3. In answer to this contention, the learned Vakil for the Appellant relies, in the first place, upon Section 119 of the Estates Partition Act. That section provides that no order of certain kinds therein enumerated ' shall be liable to be contested or set aside by suit in any Court or by any means other than those expressly provided in this Act.' The orders which are so guarded include orders made under Chapter IX. But when Chapter IX is mentioned, there is introduced this exception 'except Section 81.' It is to be noticed that with regard to certain orders made under Section 84; 86 and 88, an express right is given to bring a suit to modify or set aside the order. The first question is whether Section 119 imports that nobody can challenge an order under Section 81 except by bringing a suit. In my opinion that is not a possible construction. All that is done here is to exclude orders made under Section 81 from the wide prohibition against bringing a suit or doing anything else to challenge. Another question arises upon this section. As Section 81 is excepted from a provision which forbids not only the bringing of a suit to set aside but forbids the use of any means other than those expressly provided in this Act, is it a correct inference to say that this impliedly means or imports that, in the case of Section 81, it is liable to be challenged not only by bringing a suit but by taking the point in any other fashion? There again, in my judgment, the inference would be unsound. Section 119 does not, in my opinion, prejudice the question either way. It seems to me that if a person has the right to bring a suit or to challenge the order by any other means, the section leaves him that right. But the section gives no right in respect of Section 81. I have, however, no doubt at all that a suit does lie to set aside an order made under Section 81 if it turns out that by that order a tenure or holding has not been split up but an amalgamation of tenures and holdings has been divided contrary to the meaning of the section. In such a suit I am fairly clear that it would be no answer at all to say that the Deputy Collector had jurisdiction to enquire into the facts and that if he has found the facts wrongly his order cannot be interfered with. For the purposes of such a suit, it seems reasonable to say that the Deputy Collector could not give himself jurisdiction under Section 81 by coming to a wrong finding of fact. In my opinion, the question in this case, since no suit has been brought to set aside the order under Section 81, is really whether in the circumstances and upon the facts found the tenants are entitled to treat this order as a mere nullity-an order which no man is required to pay any attention to, and an order which does not even require to be set aside. That question, in my opinion, in view of the draftsmanship of the Act, has extraordinary difficulty and to resolve it, it is necessary to make a careful study of the scheme of the Estates Partition Act.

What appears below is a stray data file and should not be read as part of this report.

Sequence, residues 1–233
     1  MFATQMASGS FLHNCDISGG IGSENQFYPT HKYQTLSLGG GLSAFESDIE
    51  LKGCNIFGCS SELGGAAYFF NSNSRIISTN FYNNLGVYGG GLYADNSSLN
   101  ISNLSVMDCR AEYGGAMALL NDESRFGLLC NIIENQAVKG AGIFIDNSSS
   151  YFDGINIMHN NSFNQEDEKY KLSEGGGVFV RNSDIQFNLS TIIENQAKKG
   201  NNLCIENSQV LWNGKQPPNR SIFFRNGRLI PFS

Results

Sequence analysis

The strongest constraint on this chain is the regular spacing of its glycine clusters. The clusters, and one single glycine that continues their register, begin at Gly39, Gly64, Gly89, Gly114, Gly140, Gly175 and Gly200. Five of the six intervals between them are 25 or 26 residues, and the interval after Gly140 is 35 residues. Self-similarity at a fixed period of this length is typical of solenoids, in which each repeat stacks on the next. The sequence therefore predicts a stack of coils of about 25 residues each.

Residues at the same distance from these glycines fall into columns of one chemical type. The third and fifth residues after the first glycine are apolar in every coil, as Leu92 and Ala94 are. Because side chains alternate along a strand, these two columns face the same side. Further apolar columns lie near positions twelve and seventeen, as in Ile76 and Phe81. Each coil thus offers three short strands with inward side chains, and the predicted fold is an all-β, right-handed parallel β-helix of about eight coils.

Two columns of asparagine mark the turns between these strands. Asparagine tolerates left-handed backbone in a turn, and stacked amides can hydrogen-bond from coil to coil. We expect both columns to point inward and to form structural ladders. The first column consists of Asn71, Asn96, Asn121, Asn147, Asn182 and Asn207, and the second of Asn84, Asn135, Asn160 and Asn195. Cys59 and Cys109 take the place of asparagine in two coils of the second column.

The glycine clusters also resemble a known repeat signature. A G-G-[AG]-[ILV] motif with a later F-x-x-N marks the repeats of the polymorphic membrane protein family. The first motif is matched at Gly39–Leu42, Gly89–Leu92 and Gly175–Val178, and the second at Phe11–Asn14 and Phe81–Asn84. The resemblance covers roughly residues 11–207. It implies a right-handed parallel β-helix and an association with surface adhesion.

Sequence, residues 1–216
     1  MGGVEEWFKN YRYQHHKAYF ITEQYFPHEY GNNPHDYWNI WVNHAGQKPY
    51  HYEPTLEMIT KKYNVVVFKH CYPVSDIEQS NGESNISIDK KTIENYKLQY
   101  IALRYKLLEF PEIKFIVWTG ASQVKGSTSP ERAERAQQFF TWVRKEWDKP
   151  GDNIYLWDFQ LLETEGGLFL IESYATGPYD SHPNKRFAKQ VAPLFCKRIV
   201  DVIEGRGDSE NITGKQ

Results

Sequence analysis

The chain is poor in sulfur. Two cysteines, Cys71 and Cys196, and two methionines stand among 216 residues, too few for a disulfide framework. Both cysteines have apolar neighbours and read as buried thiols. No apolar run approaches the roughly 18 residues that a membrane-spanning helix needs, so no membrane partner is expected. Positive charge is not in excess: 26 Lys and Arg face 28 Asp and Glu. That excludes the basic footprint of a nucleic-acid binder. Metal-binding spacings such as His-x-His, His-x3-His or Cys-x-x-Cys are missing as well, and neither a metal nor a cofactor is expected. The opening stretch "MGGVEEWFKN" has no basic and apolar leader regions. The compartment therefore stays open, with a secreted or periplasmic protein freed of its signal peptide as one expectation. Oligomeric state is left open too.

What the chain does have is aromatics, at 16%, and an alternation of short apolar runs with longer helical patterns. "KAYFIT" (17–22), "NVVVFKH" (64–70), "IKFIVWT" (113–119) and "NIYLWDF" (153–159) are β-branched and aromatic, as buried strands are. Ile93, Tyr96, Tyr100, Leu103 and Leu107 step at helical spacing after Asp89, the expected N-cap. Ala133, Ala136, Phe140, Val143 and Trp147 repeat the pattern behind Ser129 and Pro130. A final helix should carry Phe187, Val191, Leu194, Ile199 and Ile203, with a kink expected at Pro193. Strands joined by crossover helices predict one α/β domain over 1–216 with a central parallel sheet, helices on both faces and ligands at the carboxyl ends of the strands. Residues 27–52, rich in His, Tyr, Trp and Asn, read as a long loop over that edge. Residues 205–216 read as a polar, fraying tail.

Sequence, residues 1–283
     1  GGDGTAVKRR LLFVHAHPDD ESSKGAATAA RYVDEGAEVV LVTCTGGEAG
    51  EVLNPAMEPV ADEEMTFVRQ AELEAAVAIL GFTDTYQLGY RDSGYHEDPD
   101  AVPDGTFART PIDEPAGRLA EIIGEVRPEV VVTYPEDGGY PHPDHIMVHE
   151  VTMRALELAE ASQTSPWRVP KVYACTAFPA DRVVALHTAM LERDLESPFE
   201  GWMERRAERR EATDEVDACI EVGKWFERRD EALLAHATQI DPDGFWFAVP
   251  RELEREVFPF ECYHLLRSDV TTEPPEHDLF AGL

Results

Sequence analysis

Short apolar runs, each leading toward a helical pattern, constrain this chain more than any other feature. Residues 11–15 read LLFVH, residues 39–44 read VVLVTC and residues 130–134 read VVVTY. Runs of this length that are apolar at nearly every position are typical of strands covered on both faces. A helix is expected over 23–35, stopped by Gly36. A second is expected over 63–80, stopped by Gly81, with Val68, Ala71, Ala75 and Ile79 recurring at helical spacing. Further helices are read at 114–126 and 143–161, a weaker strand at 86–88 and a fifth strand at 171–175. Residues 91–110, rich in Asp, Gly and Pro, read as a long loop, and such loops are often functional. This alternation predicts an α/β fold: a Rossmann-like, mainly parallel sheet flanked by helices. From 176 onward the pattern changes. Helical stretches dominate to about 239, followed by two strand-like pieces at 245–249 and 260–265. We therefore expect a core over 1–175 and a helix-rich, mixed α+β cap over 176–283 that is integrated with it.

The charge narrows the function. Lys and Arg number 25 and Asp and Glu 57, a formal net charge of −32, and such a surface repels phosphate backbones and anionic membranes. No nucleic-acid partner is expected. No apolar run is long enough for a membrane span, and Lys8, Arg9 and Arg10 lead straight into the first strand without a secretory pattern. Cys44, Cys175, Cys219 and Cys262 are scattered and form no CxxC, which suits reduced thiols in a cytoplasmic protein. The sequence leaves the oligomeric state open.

4. Before embarking upon that it may be observed that in the reports there are two cases only which seem to be of any assistance. In the case of Nandlal Pathak v. Mohunth Chanurpat Das (1913) 17 C.W.N. 779, Sir Lawrence Jenkins was plainly of opinion that the records of the partition proceedings under the Act of 1897 would be evidence under Section 35 of the Evidence Act, notwithstanding that the batwara khasra under the previous Act of 1876 was held not to be such a record. In that conclusion the Court was fortified by the decision in Janki Dobey v. Kirtarath Roy (1908) 13 C.W.N. 93. I think that the scope of this decision has been somewhat misunderstood. The case there was a suit for arrears of rent and, as a proof that the defendant held the jama sued upon under the plaintiff there was tendered in evidence certain butwara papers, that is to say, papers prepared by the Deputy Collector acting under Chapter VI of Act V of 1897. The Court in that case remarked on the provisions of Section 44 of the Act and observed that the procedure as to the preparation of the rent roll and the publication thereof was analogous to the procedure under Sections 103 and 103 A of the Bengal Tenancy Act; and the conclusion was that entries in the partition papers as to the amount of the rent are evidence in the same way as entries in the record-of-rights prepared under Chapter X of the Bengal Tenancy Act are admissible in evidence under Section 103-B ' Prima facie they are evidence against the tenant, though that evidence may not be very valuable.' I put aside for a moment whether the record of existing rent is or is not entitled to the presumption of correctness given to the record-of-rights under Section 103-B. There can be no doubt that a record-of-rights made under Chapter VI is evidence, at all events, under Section 35 of the Evidence Act. Now, in these circumstances the learned Vakil for the respondents naturally contends that if this is all the effect that the butwara papers have, then at all events the learned Judge of the lower Appellate Court could not be wrong in finding on the basis of the decree that the butwara papers were all wrong and that he was entitled to dismiss the suit. The question is whether that point of view is really correct.